In reply to cross-examination Mr. Hynes said that he had discussed the matter of Mr. Walsh's tenancy with Mr. Morrissey's solicitor and had been assured by him that he and Ms. Conlon “would be living in the apartment within one month”. This statement appears at the very least to have been somewhat bald and over-optimistic.
Mr Hynes went on to give evidence of the Notice to Quit, which he produced to the court and of its service on Mr. Walsh. The Notice to Quit is dated 24 February 1993, and it is accepted that Mr. Hynes served it personally on Mr. Walsh on that day I shall deal in greater detail later with the form and wording of the Notice to Quit. For the present it is sufficient to say that it required Mr. Walsh to quit the premises on or before 24 March 1993. It is accepted by both sides that Mr. Walsh did not quit the premises on that date and that he has remained living in 62 Oak house to date. Mr. Hynes stated that he had not accepted any rent from Mr. Walsh since 24 March 1993. He produced to the court the requisite Valuation Certificate. The present Ejectment Civil Bill issued on 31 May 1993.
The Defendant Mr. Walsh stated in evidence that he was a retired teacher aged 75. In 1974 he entered into a tenancy agreement with Irish Life Assurance Co. Ltd. in regard to his tenancy of the apartment at 62 Oak House. The tenancy commenced on 24 July 1974 and the rent at that stage was £54 per month. There had been various supplemental agreements which dealt solely with rent increases. The last of these was on 11 April 1991 and the rent at that stage was set at £260 per month. He stated that he had now been reared for ten years and that he had always regarded 62 Oak House as his permanent home. He also stated that he felt that as he was a servant of the State and that he was renting the flat from a State company he could rely on it being a permanent situation. He did not, however, give any evidence of a parole agreement between himself and Irish Life guaranteeing security of tenure, and no suggestion or claim in this regard was made by counsel on his behalf.
Mr Walsh went on to say that he had heard rumours about the sale of a number of the Mespil Flats, but that the first indication he had of the sale of his own flat was when a letter addressed to Mr. Hynes arrived in his letter-box. (It appears that this was a letter from the Irish National Building Society who had the address as security for the mortgage obtained by the Plaintiffs.) He was unable to obtain information from the estate office, but traced Mr. Hynes to his place of employment and was informed by Mr. Hynes that he and his girlfriend has been told that they would be living in the flat within a month. He accepted that the Notice to Quit had been served on him on 24 February. The Plaintiffs had called to the flat on 24 March 1993 and had asked him if he was moving out. He had refused to do so.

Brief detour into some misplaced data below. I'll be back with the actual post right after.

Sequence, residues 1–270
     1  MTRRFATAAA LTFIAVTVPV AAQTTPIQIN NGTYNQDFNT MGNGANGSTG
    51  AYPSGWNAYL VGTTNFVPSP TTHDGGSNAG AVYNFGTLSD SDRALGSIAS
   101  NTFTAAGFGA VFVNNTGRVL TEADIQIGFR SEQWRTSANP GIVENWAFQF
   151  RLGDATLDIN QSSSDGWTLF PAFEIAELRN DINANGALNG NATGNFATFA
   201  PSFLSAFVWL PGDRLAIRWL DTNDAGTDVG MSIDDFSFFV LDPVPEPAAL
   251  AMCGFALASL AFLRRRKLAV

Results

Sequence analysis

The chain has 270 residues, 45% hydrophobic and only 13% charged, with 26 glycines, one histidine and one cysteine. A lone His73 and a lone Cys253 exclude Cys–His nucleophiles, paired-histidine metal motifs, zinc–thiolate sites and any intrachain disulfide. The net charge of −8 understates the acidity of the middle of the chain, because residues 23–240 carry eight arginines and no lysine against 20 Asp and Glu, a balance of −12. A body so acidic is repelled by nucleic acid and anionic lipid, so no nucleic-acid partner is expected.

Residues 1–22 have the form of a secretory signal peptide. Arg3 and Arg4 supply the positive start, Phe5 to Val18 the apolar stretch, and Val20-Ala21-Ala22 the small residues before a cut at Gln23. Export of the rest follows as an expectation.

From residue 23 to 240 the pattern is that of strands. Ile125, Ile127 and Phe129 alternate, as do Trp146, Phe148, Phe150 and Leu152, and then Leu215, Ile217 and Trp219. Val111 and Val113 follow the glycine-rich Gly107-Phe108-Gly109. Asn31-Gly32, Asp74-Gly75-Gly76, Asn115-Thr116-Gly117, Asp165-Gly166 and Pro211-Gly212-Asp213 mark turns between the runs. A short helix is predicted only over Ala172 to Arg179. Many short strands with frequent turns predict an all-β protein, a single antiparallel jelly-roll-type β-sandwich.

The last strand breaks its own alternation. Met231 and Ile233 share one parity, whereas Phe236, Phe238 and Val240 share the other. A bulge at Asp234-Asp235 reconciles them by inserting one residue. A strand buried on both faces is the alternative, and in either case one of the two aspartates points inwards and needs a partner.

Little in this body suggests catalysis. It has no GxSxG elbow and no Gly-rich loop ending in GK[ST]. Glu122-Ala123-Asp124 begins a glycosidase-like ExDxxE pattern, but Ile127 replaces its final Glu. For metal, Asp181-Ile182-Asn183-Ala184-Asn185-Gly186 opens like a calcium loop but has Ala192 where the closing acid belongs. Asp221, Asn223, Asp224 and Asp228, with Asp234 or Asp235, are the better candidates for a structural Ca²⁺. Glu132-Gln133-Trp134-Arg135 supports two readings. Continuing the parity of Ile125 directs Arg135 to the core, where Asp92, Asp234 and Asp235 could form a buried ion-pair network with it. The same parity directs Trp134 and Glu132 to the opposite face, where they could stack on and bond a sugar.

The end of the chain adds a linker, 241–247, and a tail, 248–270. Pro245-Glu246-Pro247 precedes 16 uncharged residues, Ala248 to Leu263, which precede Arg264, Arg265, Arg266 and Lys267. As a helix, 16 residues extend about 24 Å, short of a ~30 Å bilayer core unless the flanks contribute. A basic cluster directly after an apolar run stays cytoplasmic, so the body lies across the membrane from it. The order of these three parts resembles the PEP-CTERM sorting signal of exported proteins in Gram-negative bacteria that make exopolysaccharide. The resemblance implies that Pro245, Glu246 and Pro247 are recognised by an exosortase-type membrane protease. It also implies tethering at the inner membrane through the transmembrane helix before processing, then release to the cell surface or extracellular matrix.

Mr. Walsh also said that he had attended a public meeting which had been addressed by the first-named Plaintiffs father, Mr. Dessie Hynes. Mr. Hynes Senior had informed the meeting that no one would be evicted but that the rents would be raised. Subsequently Mr. Hynes Senior had offered him an alternative flat in the estate, once he had moved out its tenants. However when he (Mr. Walsh) discovered that these tenants were elderly ladies he refused the accommodation saying that he would rather walk the street than be the cause of evicting elderly ladies.
Counsel for the Plaintiffs, Mr. Hussey, submitted that no estoppel could be set up against the Plaintiffs on account of statements made by Mr. Hynes Senior, and this is of course correct. The Plaintiffs in the present case could not be held to be bound by statements made by Mr. Hynes Senior either to the generality of the Mespil tenants at a public meeting or individually to the Defendant.
The Defendant stated that since 24 March 1993 he had at all stages endeavoured to pay the rent of £260 per month. He had paid by standing order from his account in the Bank of Ireland Walkinstown Branch. The payment was made to Irish Estate Management Ltd., to whom he had previously been paying rent. These payments were returned to him by Irish Estates each month except in the case of December 1993. A receipt was issued in respect of this rental payment but the payment was subsequently returned. Mr. Walsh lodged all these returned payments in a separate account. No particular submission in regard to the one receipt acknowledging payment of rent was made by counsel for the Defendant, and as the payment was returned I do not think that it...